Flee to the Cross
Sometimes I like to think of myself as a refuge for my kids, a safe place they can run to from the storm of the world. I can hold them while they cry for friends back in Africa, or back in Minnesota, depending. I can kiss skinned knees and pray when the words of bullies sting. I hold the soothing power of band-aids and hot chocolate and tickles at the tips of fingers.
But I am not, ultimately, the safe place they need.
Sometimes it is also easy to seek refuge in my kids, a safe place where I can find hope and meaning and love. They snuggle in the crook of my neck, warm and damp after a bath, and I think everything is right in the world. They run to me so I will be the first to hear their victory story and I know I matter. They say, “Mommy, I wish I could cut off your arm and carry it with me so we would always be together,” and I know I am loved.
But they are not, ultimately, the safe place I need.
My failure to be their refuge was evident from the beginning. I remember one particular, early, dark day. I was a twenty-two-year-old mother of infant twins. They were screaming and stinky and hungry and tired. I was screaming and stinky and hungry and tired. I couldn’t make them do what I wanted. I was angry, and struggling under a cloud of postpartum darkness. I found myself behind the firmly locked window of our 22nd floor apartment in downtown Minneapolis looking down, down, down. A thought, a fleeting split-second and wicked thought jagged like lightning across the storm in my mind. What if . . . (I wish I could write these words in a whisper) . . . what if I tossed them out?
By grace, I would never have acted on this impulse, but the thought itself, the epitome of selfish rage against my own children, haunts like a shadow, a thundercloud. It is a vivid reminder; in that moment I was not the eye of the storm, the refuge. I was the storm.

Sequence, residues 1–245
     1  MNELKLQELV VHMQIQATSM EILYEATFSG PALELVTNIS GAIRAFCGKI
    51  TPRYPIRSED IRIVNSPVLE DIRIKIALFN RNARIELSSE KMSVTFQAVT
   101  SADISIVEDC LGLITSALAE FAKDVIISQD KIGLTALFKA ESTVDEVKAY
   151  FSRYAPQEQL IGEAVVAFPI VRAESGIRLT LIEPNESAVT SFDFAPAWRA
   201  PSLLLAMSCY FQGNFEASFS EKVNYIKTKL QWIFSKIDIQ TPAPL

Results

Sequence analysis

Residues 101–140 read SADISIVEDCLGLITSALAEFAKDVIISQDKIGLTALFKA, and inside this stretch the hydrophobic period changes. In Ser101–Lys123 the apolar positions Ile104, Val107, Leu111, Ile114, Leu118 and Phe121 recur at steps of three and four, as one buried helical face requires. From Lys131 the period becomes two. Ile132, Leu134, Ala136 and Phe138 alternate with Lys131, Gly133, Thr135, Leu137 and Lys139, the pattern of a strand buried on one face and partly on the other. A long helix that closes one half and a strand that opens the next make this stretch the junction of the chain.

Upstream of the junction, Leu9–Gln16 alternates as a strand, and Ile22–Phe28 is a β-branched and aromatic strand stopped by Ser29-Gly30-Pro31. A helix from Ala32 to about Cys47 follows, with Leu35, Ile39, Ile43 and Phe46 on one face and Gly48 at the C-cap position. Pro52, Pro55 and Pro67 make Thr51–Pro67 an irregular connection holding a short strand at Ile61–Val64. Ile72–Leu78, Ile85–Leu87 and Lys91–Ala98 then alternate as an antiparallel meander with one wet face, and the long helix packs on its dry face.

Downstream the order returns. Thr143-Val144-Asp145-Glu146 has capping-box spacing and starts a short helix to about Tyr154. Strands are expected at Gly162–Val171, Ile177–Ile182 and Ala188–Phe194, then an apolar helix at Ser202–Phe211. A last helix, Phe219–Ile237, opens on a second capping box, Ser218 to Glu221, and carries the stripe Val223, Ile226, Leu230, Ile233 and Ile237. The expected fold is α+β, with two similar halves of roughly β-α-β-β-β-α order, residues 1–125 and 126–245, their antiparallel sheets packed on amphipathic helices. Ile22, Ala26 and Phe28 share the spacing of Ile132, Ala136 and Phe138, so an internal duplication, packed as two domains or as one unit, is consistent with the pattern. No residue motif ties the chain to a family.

And eleven years later, I continue to occasionally be a storm for my children in other, non-window-related ways. Unfortunately, a solid night’s sleep, an uninterrupted shower, and the ability to sit down for an entire meal without wiping mouths or spilled milk hasn’t eliminated my sinful tendency toward storming.
The only place where I can find hope in my struggles with sin, and the only true refuge for my children, the eye of their storm, is the cross.
“The cross is the one safe place for sinners because the wrath of God fell there once and it will never fall there again” (Jason Meyer, sermon).
When I see the raging winds of anger, my failures as a mother, and my idolizing efforts turn my children into a refuge, there is only one thing to do. Run. Flee to the cross.
When I see the sin in my kids, their failures, there is only one place to send them. Run, Henry and Maggie! Hurry Lucy! Flee to the cross!
May my voice urge them on, my hands pull them forward as we run together. Faster, faster, hurry to the refuge of the cross. It is there and only there, bursting through the curtain torn in two, that we will discover the heart of God.
Here, with my children, I find peace while all around the storm rages, sin tempts, terror reigns. Here at the cross is quietness and confidence, joy and forgiveness. Here, at the cross, with the centurion who recognized in Jesus’ dying breath the victory he purchased, is our final and ultimate safe refuge.
Recent posts from Rachel Pieh Jones —